Programme Director;

Minister of Mineral Resources, Mr Gwede Mantashe;

President of the Minerals Council South Africa, Mr Mxolisi Mgojo;

Chief Executive Officer of the Minerals Council South Africa, Mr Roger Baxter;

Chairperson of the Mining Equipment Manufacturers of South Africa, Mr Freddy Mugeri;

Board members of the Mining Equipment Manufacturers of South Africa;

Presidents and general secretaries of organised labour, including the Association of Mineworkers and Construction Union, the National Union of Mineworkers, the National Union of Metalworkers of South Africa, Solidarity and the UASA;

Executives from various mines and mining capital equipment companies;

Chairperson of the Board of the Council for Scientific and Industrial Research, Prof. Thokozani Majozi;

Chief Executive Officer of the Council for Scientific and Industrial Research, Dr Thulani Dlamini;

Chief executive officers from the various science councils;

Vice-chancellors of the Universities of Johannesburg, Pretoria, South Africa and the Witwatersrand;

Distinguished guests;

Ladies and gentlemen:

 

First, I would like to thank the teams from the Department of Science and Technology (DST), the Department of Mineral Resources, the Presidency, the Minerals Council South Africa and the Mining Equipment Manufacturers of South Africa (MEMSA), who worked very hard to make this project a reality.  Government and the mining industry gathered here to launch this precinct under the theme "Advancing the South African mining cluster", we are setting an example, showing that working together we can place our country and our people on a higher developmental trajectory.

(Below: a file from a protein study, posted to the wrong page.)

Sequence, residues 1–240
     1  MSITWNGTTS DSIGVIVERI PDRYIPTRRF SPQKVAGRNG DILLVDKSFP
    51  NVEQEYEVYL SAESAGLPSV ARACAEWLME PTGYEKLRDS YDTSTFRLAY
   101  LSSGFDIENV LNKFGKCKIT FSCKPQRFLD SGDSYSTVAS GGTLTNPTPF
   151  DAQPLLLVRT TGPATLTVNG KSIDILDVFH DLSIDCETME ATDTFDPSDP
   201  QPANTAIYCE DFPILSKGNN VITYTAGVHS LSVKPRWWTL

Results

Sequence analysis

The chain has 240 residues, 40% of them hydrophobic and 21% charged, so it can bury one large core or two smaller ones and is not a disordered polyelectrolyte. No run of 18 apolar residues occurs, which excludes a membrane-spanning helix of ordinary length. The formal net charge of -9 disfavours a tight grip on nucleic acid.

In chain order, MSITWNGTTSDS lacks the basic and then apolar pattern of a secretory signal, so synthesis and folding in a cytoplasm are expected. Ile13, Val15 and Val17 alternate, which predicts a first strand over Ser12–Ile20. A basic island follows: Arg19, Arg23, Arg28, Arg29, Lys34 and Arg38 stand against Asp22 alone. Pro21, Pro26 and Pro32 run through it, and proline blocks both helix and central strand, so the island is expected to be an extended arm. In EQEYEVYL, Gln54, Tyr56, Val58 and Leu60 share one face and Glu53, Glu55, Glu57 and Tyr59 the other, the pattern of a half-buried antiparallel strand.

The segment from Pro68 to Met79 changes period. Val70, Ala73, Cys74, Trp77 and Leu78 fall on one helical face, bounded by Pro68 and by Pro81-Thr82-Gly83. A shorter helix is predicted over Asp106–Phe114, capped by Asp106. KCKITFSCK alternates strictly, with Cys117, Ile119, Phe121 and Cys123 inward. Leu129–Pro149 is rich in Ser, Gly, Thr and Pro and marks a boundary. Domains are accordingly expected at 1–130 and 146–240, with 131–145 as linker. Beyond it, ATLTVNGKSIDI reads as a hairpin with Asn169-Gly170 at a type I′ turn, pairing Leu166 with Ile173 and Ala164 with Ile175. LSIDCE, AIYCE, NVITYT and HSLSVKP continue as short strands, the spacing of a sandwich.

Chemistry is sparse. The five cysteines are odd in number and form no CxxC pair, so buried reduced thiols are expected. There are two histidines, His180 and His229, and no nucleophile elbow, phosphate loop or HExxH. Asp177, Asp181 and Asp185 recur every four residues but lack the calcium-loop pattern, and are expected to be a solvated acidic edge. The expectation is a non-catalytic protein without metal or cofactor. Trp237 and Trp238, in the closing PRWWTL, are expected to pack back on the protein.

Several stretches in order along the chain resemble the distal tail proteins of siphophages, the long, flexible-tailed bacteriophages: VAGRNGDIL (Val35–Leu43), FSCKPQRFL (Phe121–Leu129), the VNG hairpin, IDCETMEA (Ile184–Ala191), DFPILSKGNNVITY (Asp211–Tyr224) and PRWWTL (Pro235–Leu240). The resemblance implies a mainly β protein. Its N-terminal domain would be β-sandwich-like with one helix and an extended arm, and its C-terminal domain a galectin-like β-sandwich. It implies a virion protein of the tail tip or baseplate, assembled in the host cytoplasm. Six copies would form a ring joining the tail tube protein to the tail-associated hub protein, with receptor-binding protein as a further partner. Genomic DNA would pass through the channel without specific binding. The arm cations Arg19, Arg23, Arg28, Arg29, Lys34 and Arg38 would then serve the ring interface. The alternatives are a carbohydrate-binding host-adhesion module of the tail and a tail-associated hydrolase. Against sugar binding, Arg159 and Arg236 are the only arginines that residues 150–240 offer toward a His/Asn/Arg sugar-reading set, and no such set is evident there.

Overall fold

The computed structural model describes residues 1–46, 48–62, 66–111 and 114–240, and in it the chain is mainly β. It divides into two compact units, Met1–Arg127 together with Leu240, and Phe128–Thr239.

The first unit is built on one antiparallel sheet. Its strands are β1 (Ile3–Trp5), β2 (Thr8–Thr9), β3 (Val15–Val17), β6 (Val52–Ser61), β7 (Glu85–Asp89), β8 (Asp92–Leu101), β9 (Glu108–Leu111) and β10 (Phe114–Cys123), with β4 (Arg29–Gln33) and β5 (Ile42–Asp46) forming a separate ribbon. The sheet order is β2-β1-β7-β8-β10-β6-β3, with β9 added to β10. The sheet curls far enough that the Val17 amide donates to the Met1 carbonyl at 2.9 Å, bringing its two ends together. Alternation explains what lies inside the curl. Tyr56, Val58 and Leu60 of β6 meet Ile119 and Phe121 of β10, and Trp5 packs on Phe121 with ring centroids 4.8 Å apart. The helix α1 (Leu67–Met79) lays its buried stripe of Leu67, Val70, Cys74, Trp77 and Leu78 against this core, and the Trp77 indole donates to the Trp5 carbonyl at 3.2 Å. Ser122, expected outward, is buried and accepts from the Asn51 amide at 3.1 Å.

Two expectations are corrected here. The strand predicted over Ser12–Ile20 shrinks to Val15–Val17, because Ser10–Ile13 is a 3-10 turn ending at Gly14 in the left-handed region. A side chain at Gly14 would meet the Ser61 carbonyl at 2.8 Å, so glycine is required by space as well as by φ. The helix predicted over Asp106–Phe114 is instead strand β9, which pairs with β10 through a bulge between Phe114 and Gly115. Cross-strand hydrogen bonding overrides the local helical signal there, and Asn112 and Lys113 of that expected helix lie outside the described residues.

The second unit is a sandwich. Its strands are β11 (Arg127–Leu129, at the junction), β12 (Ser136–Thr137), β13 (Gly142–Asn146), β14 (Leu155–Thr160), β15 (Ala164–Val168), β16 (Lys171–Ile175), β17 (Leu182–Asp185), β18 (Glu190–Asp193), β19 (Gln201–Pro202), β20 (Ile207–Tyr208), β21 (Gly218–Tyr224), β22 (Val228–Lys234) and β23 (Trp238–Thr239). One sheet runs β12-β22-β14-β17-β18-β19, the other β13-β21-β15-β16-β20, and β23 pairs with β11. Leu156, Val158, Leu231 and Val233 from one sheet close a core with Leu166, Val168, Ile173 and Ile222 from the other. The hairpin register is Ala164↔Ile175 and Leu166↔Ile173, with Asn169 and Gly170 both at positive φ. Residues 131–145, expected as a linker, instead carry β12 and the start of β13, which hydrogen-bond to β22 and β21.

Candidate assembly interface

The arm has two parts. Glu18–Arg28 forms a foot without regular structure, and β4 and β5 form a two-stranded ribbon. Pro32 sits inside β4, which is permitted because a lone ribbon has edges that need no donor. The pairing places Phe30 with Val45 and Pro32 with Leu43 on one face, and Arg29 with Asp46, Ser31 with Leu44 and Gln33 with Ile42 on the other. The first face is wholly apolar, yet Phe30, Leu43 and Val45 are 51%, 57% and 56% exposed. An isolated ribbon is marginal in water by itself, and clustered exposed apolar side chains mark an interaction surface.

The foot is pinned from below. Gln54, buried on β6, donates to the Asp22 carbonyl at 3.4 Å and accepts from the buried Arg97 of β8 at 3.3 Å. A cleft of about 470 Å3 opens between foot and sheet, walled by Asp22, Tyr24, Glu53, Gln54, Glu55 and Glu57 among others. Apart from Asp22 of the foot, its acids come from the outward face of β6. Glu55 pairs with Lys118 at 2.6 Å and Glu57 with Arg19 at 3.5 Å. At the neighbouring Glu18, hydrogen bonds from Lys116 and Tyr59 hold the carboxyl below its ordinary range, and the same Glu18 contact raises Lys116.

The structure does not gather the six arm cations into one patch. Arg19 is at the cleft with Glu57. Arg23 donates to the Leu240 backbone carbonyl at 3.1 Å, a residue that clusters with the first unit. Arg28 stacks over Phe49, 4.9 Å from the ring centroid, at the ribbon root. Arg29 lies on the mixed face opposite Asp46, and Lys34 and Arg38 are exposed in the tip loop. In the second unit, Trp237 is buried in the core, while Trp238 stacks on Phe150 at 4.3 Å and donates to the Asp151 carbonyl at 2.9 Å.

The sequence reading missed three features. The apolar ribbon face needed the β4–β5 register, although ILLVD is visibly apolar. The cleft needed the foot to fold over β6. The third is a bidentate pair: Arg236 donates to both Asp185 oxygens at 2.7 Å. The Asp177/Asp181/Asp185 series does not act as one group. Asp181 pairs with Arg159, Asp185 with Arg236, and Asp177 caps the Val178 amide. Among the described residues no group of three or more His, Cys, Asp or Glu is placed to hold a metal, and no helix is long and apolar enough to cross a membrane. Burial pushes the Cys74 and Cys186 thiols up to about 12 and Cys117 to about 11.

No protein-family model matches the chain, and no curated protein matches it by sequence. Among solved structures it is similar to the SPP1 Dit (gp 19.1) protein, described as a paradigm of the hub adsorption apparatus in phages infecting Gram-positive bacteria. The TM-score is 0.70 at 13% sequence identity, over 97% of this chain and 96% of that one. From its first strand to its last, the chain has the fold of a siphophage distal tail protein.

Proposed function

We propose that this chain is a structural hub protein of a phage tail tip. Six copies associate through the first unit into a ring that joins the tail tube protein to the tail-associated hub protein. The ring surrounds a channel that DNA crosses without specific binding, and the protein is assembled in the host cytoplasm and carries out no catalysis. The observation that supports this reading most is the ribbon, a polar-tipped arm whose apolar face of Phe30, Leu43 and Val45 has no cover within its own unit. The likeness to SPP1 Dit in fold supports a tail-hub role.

The precinct, as you know, is named after our icon Tata Madiba, whose centenary we are celebrating this year, together with that of Mama Albertina Sisulu. Harnessing science and technology to create a more humane working environment in the mining sector is an important milestone in honouring the legacies of our two icons.  It is a great honour for former President Mandela's name to be associated with this facility, which is aimed at breathing new life into an industry that has, in a large part, shaped the history of this country.

 

The modernisation of mining, which includes mechanisation and automation, is said to bring opportunities that outweigh the projected challenges, and is therefore deemed necessary. This conversion will broadly contribute towards the survival of the South African mining industry through the mining of lower grade ores, as well as deeper resources, thereby extending the lives of mines.  In addition, the adoption of technological developments and advancements will contribute towards improved health and safety, and facilitate the sector's migration from dangerous, labour-intensive platforms to the government's goal of zero-harm. 

 

Finding solutions to problems affecting our country and continent requires collaborative research at a national and regional scale. Collaboration and partnerships between government and industry represent key opportunities for development aligned to national goals and strategies.  Moreover, it is important to ensure that research is relevant and aligned to user requirements, as well as to espouse sustainable human development.